During this early phase of the arbitration, the Secretariat closely monitors the case. It is always available to assist the parties with a range of preliminary issues that may come up. Sometimes the resolution of such issues will require input in the form of a decision from the Court. Other times the Secretariat is able to deal with the issue itself.

While maintaining strict neutrality, the Secretariat can always be contacted for any questions concerning the progress of a case. For example, parties may inquire about the status of setting up the Arbitral Tribunal.

Learn more about ICC International Court of Arbitration.

Transmission of File, Terms of Reference, Case Management Conference

The Arbitral Tribunal is responsible for running proceedings and deciding on the merits of the dispute.

Once the Arbitral Tribunal has been constituted and the advance on costs requested at this stage has been paid, the Secretariat transmits the file to each member of the Arbitral Tribunal (Article 16). From that time on, general management of the case shifts from the Secretariat to the Arbitral Tribunal. Accordingly, the parties should correspond directly with the Arbitral Tribunal, while sending copies of their correspondence and submissions to the Secretariat and other parties.

Once the file has been transmitted to it, the Arbitral Tribunal is responsible for running the proceeding and deciding on the merits of a dispute. However, the Court and Secretariat maintain a role. They monitor the arbitral process from start to finish, making sure that cases run smoothly and correctly. They review the progress of each case to ensure it advances at the right speed and in line with the Rules.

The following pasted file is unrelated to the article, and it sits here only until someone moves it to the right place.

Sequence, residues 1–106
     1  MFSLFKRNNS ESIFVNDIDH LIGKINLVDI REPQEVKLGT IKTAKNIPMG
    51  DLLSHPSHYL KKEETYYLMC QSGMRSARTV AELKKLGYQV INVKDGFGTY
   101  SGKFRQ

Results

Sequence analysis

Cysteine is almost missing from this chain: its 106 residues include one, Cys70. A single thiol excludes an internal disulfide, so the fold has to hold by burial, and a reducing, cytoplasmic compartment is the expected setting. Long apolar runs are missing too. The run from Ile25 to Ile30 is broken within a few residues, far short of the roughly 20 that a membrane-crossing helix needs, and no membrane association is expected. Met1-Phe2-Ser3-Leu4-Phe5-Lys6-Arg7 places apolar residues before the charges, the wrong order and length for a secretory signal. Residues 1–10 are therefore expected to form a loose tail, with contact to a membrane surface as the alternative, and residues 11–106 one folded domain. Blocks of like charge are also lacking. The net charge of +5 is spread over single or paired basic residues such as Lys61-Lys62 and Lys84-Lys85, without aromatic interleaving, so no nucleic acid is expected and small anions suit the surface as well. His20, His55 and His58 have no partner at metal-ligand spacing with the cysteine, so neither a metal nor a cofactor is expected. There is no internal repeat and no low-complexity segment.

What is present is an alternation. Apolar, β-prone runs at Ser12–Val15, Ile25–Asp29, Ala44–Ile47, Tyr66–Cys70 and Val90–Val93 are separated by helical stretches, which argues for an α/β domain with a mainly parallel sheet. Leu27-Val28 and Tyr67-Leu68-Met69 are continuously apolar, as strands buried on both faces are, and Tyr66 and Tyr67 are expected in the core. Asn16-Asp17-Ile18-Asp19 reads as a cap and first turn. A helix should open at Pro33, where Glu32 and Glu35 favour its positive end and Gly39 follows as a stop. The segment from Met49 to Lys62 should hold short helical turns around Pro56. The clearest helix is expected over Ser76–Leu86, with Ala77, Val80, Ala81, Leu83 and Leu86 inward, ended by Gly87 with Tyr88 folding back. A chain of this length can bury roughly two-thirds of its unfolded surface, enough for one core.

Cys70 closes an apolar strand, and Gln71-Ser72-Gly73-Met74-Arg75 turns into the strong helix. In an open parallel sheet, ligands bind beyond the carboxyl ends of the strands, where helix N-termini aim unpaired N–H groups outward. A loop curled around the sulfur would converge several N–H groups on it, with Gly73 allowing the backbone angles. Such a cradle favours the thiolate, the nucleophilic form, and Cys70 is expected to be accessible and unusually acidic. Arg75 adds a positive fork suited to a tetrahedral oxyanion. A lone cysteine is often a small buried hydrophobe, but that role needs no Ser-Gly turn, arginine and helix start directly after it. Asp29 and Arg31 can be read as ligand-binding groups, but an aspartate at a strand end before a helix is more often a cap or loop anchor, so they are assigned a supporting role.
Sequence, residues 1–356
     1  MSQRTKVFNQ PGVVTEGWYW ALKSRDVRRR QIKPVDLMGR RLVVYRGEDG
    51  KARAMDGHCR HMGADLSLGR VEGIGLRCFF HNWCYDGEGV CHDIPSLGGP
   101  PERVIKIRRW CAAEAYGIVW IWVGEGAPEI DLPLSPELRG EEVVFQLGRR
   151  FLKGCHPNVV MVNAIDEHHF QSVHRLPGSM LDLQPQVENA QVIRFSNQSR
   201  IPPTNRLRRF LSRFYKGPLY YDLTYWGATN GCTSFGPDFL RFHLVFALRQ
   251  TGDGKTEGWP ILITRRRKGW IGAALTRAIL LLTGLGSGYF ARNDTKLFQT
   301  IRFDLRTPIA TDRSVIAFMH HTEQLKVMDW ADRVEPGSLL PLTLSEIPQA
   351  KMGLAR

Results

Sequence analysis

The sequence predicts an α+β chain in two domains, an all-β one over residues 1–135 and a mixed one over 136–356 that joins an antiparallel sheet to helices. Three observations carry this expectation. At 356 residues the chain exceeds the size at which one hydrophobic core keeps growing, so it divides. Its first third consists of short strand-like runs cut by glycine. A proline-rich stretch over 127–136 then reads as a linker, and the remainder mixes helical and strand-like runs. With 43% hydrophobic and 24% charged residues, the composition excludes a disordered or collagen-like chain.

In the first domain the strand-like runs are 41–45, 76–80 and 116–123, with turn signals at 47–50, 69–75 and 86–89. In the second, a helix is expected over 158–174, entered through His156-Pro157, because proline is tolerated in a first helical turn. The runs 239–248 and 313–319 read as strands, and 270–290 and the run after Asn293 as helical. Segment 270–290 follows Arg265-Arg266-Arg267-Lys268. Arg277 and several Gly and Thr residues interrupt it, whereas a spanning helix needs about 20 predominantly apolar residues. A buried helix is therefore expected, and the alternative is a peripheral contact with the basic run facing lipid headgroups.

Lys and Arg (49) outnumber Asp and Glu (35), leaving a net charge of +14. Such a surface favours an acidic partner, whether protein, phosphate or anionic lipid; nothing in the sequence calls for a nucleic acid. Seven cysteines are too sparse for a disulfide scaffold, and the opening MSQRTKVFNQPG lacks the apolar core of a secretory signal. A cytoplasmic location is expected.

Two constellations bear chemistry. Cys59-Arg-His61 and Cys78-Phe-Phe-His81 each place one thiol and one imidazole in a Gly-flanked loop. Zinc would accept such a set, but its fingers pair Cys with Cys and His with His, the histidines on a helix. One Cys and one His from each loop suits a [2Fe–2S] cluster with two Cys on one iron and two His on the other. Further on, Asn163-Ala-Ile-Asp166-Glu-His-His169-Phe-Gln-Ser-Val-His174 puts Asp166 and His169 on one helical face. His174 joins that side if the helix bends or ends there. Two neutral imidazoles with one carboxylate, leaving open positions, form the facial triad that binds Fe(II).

In cases where Expedited Procedure Provisions do not apply, as soon as it has received the file from the Secretariat, the Arbitral Tribunal must draw up a document defining its “Terms of Reference” (Article 23). This is done on the basis of documents or in the presence of the parties and in the light of their most recent submissions.

As required in the Rules, the Terms of Reference include:

They may also contain a list of issues to be determined.

The Terms of Reference must be completed within two months of the file being transmitted to the Arbitral Tribunal. If one of the parties refuses to take part in drawing up or signing the “Terms of Reference,” the latter are submitted to the Court for approval.

Also at this stage, the Arbitral Tribunal is required to convene a Case Management Conference and establish a provisional timetable to be followed in the conduct of the arbitration. The Case Management Conference is designed to discuss and put in place the best procedure for the arbitration—particularly in the interests of ensuring time and costs efficiency. Further case management conferences can be held throughout the case as necessary.

Arbitral Proceedings

The Arbitral Tribunal and the parties shall make every effort to conduct the arbitration in an expeditious and cost-effective manner